In 1980, scientist and writer Isaac Asimov argued in an essay that “there is a cult of ignorance in the United States, and there always has been.” That year, the Republican Party stood at the dawn of the Reagan Revolution, which initiated a decades-long conservative groundswell that many pundits say may finally come to an end in November. GOP strategist Steve Schmidt (who has been regretful about choosing Sarah Palin as John McCain’s running mate in 2008) recently pointed to what he called “intellectual rot” as a primary culprit, and a cult-like devotion to irrationality among a certain segment of the electorate.
It’s a familiar contention. There have been critiques of American anti-intellectualism since the country’s founding, though whether or not that phenomenon has intensified, as Susan Jacoby alleged in The Age of American Unreason, may be a subject of debate. Not all of the unreason is partisan, as the anti-vaccination movement has shown. But “the strain of anti-intellectualism” writes Asimov, “has been a constant thread winding its way through our political and cultural life, nurtured by the false notion that democracy means that ‘my ignorance is just as good as your knowledge.’”
Asimov’s primary examples happen to come from the political world. However, he doesn’t name contemporary names but reaches back to take a swipe at Eisenhower (“who invented a version of the English language that was all his own”) and George Wallace. Particularly interesting is Asimov’s take on the “slogan on the part of the obscurantists: ‘Don’t trust the experts!’” This language, along with charges of “elitism,” Asimov wryly notes, is so often used by people who are themselves experts and elites, “feeling guilty about having gone to school.” So many of the American political class’s wounds are self-inflicted, he suggests, but that’s because they are beholden to a largely ignorant electorate:
To be sure, the average American can sign his name more or less legibly, and can make out the sports headlines—but how many nonelitist Americans can, without undue difficulty, read as many as a thousand consecutive words of small print, some of which may be trisyllabic?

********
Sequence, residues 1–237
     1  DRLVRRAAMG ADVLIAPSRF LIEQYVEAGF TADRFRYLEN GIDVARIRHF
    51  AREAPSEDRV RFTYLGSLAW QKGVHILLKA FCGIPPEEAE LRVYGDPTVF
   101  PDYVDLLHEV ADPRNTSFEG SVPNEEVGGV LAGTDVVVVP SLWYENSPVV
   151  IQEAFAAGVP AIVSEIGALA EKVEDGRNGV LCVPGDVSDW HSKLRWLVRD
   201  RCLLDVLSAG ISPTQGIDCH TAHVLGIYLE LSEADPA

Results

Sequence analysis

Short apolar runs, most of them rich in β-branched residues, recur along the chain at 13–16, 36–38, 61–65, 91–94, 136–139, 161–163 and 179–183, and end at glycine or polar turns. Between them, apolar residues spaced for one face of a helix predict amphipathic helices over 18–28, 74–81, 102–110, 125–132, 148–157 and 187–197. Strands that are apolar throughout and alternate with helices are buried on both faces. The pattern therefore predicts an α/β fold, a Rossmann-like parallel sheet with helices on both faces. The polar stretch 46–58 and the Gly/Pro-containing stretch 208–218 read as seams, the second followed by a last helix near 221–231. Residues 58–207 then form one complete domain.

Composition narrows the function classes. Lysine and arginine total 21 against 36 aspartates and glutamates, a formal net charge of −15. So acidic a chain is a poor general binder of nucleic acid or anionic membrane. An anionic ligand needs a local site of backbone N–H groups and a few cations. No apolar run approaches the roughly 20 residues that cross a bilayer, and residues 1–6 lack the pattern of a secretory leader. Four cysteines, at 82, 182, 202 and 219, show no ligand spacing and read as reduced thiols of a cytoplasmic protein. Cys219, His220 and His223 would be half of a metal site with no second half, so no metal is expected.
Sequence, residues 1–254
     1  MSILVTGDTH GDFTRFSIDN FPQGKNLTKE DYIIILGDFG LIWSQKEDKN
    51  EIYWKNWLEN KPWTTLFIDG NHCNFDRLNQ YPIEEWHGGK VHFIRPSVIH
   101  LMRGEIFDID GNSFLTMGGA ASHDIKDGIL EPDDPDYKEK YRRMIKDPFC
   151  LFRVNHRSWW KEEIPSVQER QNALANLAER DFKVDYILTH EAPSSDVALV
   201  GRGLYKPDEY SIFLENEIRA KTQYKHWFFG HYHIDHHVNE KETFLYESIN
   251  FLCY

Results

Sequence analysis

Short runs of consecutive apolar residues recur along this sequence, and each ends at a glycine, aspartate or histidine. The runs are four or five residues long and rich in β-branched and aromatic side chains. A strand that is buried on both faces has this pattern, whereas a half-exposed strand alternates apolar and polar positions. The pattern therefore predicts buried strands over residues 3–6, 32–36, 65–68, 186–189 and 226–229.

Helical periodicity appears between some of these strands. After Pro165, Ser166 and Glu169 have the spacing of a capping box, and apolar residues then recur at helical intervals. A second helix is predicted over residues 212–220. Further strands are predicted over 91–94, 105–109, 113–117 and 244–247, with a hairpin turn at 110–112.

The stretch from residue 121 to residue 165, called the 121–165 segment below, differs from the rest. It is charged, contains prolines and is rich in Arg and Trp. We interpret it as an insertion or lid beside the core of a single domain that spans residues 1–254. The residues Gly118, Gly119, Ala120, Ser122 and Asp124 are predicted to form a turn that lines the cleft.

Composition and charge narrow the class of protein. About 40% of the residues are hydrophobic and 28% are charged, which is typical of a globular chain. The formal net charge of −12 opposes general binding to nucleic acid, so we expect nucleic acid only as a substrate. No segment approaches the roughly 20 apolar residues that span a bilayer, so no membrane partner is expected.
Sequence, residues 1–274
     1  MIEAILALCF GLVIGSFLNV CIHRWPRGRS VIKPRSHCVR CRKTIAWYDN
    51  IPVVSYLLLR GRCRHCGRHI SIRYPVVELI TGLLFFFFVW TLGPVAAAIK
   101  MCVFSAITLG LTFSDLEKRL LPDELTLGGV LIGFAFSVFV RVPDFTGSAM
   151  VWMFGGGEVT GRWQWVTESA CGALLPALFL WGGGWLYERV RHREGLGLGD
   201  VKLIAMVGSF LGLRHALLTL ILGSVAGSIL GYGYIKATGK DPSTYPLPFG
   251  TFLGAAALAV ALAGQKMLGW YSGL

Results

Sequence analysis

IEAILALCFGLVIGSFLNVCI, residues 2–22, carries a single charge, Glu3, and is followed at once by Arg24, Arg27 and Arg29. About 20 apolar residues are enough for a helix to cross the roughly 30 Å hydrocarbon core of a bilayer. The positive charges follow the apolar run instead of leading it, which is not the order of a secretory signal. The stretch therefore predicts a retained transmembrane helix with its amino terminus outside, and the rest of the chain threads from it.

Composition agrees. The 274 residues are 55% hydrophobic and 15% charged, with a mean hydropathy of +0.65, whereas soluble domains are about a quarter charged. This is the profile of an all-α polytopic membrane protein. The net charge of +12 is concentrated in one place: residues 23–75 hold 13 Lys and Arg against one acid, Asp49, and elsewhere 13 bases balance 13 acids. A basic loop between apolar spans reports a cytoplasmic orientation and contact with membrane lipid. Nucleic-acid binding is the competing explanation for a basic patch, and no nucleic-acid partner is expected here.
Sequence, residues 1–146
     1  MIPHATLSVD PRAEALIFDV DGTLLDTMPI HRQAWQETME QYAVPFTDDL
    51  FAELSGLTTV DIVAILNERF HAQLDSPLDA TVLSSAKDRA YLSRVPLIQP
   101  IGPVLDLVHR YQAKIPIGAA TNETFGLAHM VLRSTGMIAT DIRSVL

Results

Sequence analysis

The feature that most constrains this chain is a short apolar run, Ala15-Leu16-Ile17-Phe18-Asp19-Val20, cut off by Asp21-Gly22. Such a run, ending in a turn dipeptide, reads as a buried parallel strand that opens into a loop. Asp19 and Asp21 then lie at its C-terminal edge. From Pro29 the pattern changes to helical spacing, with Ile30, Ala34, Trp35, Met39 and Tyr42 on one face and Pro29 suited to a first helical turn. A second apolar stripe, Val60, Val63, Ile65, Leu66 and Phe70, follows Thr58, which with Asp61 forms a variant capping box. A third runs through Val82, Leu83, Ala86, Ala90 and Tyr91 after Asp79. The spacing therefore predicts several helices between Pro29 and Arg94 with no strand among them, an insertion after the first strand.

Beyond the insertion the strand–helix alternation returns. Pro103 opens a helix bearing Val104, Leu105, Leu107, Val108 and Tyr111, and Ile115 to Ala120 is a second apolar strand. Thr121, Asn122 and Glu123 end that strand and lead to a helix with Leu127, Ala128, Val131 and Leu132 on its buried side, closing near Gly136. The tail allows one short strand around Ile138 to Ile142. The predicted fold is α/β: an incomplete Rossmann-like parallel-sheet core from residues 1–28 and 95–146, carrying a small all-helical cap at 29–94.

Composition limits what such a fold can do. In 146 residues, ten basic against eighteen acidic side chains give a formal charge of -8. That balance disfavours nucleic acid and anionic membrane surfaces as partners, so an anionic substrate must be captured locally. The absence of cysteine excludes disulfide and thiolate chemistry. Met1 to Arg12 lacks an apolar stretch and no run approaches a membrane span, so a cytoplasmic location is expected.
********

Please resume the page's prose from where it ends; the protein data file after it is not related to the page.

Asimov’s examples are less than convincing: road signs “steadily being replaced by little pictures to make them internationally legible” has more to do with linguistic diversity than illiteracy, and accusing television commercials of speaking their messages out loud instead of using printed text on the screen seems to fundamentally misunderstand the nature of the medium. Jacoby in her book-length study of the problem looks at educational policy in the United States, and the resistance to national standards that virtually ensures widespread pockets of ignorance all over the country. Asimov’s very short, pithy essay has neither the space nor the inclination to conduct such analysis.
Instead he is concerned with attitudes. Not only are many Americans badly educated, he writes, but the broad ignorance of the population in matters of “science… mathematics… economics… foreign languages…” has as much to do with Americans’ unwillingness to read as their inability.
There are 200 million Americans who have inhabited schoolrooms at some time in their lives and who will admit that they know how to read… but most decent periodicals believe they are doing amazingly well if they have circulation of half a million. It may be that only 1 per cent—or less—of Americans make a stab at exercising their right to know. And if they try to do anything on that basis they are quite likely to be accused of being elitists.
One might in some respects charge Asimov himself of elitism when he concludes, “We can all be members of the intellectual elite.” Such a blithely optimistic statement ignores the ways in which economic elites actively manipulate education policy to suit their interests, cripple education funding, and oppose efforts at free or low cost higher education. Many efforts at spreading knowledge—like the Chatauquas of the early 20th century, the educational radio programs of the 40s and 50s, and the public television revolution of the 70s and 80s—have been ad hoc and nearly always imperiled by funding crises and the designs of profiteers.
Nonetheless, the widespread (though hardly universal) availability of free resources on the internet has made self-education a reality for many people, and certainly for most Americans. But perhaps not even Isaac Asimov could have foreseen the bitter polarization and disinformation campaigns that technology has also enabled. Needless to say, “A Cult of Ignorance” was not one of Asimov’s most popular pieces of writing. First published on January 21, 1980 in Newsweek, the short essay has never been reprinted in any of Asimov’s collections. You can read the essay as a PDF here. There’s also, one of our readers reminds us, a transcript on Github.